"Sustainer", Not "Help Meet"
I find Robert Alter's Bible translations fascinating because of his footnotes and his uniquely fresh take on translating different passages. I recently bought, and started reading, The Five Books of Moses, his translations of Genesis, Exodus, Leviticus, and Deuteronomy. He caught my interest right away.
Long time Bible readers will be familiar with Genesis 2:18 (rendered here, from the KJV).
“And the Lord God said, It is not good that the man should be alone; I will make him an help meet for him.”
Because of this verse, there's a nice tradition (at least in traditional Christian circles) of referring to one's husband or wife as "a help meet". I do it myself, on occasion. So I stopped and took notice when Alter footnoted this section.
The Hebrew ‘ezer kenegdo (King James Version “help meet”) is notoriously difficult to translate. The second term means “alongside him,” “opposite him,” “a counterpart to him.” “Help” is too weak because it suggests a merely auxiliary function, whereas ‘ezer elsewhere connotes active intervention on behalf of someone, especially in military contexts, as often in Psalms.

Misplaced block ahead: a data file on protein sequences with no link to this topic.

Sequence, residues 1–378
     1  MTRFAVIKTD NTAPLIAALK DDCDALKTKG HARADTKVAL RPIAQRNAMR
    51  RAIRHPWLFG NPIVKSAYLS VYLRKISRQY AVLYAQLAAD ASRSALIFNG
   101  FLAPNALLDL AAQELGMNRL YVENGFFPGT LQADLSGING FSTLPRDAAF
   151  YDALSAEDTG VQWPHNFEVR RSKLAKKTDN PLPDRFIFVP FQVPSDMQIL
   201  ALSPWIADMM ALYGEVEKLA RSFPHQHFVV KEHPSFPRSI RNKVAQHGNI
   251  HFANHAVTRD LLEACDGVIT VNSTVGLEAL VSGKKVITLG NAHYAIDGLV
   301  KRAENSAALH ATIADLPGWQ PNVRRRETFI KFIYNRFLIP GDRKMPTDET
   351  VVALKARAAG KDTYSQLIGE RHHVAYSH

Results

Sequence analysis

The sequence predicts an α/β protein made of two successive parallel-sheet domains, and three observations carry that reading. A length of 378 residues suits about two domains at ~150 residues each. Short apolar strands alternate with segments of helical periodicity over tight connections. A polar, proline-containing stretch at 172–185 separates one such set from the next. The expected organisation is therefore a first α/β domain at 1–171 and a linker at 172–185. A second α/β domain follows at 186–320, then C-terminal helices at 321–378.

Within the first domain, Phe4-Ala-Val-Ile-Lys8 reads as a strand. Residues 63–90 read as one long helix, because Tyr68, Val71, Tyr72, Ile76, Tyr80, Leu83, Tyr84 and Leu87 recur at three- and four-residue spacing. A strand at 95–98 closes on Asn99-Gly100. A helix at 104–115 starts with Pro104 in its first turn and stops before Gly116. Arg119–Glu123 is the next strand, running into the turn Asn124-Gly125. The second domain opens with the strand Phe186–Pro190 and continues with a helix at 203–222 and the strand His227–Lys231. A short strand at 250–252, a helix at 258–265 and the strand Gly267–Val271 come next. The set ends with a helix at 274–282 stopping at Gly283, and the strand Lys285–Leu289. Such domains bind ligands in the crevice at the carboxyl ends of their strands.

Instead of "help meet", Alter translated the phrase as "sustainer".
“It is not good for the human to be alone, I shall make him a sustainer beside him.”
I really like that. It has a much more active sound and still maintains the same connotation as someone that a person needs to thrive in his or her life.